Most of Britain’s business community hope, and a number of Brexiteers fear, that the UK will end up either in the customs union and single market, or aligning its rules so closely that it will make little day-to-day difference to the UK’s relations with the outside world, from trading arrangements to freedom of movement.

How will the Brexiteers then respond? Michael Gove, arguably the most articulate pro-Leave voice in the Cabinet, provided an important clue in an article in the Telegraph: “I’ve always believed that we should show the maximum flexibility in this negotiating phase so we can then exercise the maximum freedom as a nation at the end… The British people will be in control. If the British people dislike the agreement that we have negotiated with the EU, the agreement will allow a future government to diverge.”

Implicit in that remark is the possibility that the UK will negotiate a “soft” Brexit of the type Gove and other Leave campaigners don’t want. The UK would technically leave the single market and customs union, but would behave as if it remained signed up to both. Such an outcome would banish any idea of a bonfire of tiresome red tape, or a severe clampdown on immigration, or the conversion of the UK into a European equivalent of buccaneering Singapore.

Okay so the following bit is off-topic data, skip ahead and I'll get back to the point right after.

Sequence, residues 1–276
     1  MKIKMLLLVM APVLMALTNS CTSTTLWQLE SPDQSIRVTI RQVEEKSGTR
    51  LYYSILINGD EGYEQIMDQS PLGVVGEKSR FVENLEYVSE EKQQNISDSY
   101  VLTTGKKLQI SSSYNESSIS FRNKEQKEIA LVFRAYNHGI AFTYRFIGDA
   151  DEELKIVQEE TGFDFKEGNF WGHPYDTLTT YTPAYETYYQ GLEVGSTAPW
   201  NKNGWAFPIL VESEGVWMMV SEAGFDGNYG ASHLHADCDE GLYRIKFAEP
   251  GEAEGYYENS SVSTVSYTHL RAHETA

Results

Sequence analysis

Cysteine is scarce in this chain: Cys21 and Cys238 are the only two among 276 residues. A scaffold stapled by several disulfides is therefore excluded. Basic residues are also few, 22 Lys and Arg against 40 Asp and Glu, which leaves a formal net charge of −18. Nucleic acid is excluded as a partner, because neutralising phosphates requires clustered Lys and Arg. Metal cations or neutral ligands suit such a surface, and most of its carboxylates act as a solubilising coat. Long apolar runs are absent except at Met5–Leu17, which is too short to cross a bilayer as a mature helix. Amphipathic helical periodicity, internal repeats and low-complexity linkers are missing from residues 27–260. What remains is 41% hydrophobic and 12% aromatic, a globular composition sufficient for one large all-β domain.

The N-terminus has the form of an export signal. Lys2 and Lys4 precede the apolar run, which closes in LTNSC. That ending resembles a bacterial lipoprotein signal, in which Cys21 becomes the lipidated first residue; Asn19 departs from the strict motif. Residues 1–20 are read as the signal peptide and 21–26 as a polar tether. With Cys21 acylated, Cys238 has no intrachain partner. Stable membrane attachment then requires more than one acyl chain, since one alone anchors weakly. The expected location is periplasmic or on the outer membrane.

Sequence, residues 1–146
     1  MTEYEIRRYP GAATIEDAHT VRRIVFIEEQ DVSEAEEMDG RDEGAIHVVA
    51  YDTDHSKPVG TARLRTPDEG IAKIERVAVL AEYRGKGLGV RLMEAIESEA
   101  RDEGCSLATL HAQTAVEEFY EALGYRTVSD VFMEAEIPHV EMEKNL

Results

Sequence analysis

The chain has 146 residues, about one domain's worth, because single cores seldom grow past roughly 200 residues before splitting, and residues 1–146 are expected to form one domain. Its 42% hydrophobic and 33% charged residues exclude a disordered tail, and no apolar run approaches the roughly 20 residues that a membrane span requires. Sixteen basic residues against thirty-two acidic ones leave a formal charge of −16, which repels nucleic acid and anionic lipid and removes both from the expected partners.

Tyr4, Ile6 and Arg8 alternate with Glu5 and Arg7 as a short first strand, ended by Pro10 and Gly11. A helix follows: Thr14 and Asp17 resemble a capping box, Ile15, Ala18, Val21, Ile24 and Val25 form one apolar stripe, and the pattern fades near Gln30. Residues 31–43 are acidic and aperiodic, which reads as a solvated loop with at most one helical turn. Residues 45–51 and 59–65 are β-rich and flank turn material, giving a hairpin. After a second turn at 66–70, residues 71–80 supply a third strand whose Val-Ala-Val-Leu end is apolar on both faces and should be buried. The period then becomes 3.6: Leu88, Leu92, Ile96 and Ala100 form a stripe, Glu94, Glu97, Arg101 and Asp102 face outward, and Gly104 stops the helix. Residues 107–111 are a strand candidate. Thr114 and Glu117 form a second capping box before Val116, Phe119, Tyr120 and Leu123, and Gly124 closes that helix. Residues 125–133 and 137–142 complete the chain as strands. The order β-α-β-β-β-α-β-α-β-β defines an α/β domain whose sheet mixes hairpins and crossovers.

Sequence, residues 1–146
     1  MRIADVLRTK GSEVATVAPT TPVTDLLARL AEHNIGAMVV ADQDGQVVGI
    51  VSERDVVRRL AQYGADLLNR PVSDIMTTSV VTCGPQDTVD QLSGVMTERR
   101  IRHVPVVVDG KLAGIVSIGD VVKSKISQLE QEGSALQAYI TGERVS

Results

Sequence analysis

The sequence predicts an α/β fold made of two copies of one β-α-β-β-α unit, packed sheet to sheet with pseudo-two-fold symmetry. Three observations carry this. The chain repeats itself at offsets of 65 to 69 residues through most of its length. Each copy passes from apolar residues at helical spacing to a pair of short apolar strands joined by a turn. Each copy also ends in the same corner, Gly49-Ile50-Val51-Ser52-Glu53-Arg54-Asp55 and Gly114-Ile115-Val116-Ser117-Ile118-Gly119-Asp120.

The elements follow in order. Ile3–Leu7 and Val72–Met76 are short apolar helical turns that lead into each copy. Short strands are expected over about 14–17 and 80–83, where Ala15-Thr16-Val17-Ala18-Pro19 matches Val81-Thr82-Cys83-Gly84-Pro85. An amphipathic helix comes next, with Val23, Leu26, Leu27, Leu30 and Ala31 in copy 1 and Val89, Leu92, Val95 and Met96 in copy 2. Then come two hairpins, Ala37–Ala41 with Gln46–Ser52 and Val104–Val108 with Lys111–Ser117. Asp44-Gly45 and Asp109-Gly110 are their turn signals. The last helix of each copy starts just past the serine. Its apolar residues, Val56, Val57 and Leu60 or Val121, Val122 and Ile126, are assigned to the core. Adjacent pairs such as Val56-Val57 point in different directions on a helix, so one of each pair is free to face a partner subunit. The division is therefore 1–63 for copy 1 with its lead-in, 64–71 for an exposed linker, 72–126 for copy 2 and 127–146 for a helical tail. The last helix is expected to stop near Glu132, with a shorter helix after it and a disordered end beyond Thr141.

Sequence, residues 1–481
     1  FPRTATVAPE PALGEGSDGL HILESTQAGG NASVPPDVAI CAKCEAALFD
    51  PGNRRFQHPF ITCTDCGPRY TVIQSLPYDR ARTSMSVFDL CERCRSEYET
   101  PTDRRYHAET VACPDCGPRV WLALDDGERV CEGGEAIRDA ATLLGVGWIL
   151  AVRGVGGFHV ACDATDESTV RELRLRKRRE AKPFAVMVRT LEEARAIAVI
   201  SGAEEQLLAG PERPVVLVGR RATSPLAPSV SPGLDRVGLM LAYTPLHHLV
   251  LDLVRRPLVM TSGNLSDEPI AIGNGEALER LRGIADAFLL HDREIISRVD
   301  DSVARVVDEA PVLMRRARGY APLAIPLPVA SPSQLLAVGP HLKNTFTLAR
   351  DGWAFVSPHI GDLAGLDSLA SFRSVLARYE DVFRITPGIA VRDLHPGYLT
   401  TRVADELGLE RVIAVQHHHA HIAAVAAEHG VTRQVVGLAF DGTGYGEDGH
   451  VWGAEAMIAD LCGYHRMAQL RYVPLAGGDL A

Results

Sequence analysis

In effect, Gove is saying to his fellow Brexiteers: “Pipe down. Don’t complain about the likely deal, however many concessions we appear to make to the rest of the EU. We can overturn all these things later. All that matters is that we get to March 2019 and make sure we really do leave the EU. Once we are out, we can then tell Brussels to get lost. But if we kick up a fuss now, as people like Nigel Farage are doing, then the danger is that we shall end up not leaving the EU at all.”

Michel Barnier and his colleagues should beware if they want an agreement with the UK that will stick in the long term. In the end, they won’t be able to stop a hostile, Gove-style government tearing up whatever deal is reached next year (if, indeed, a deal is reached at all). What they can do is make sure that a future British government would pay a heavy price, in terms of the UK’s credibility and credit-worthiness, were it to abrogate a Brexit agreement just a few years after signing it.

Much, then, hangs on the decisions the UK takes next year, when it reaches the Irish-border fork in the road. But the story will not end there. As Gove’s intervention makes clear, there may well be further forks in the road after that.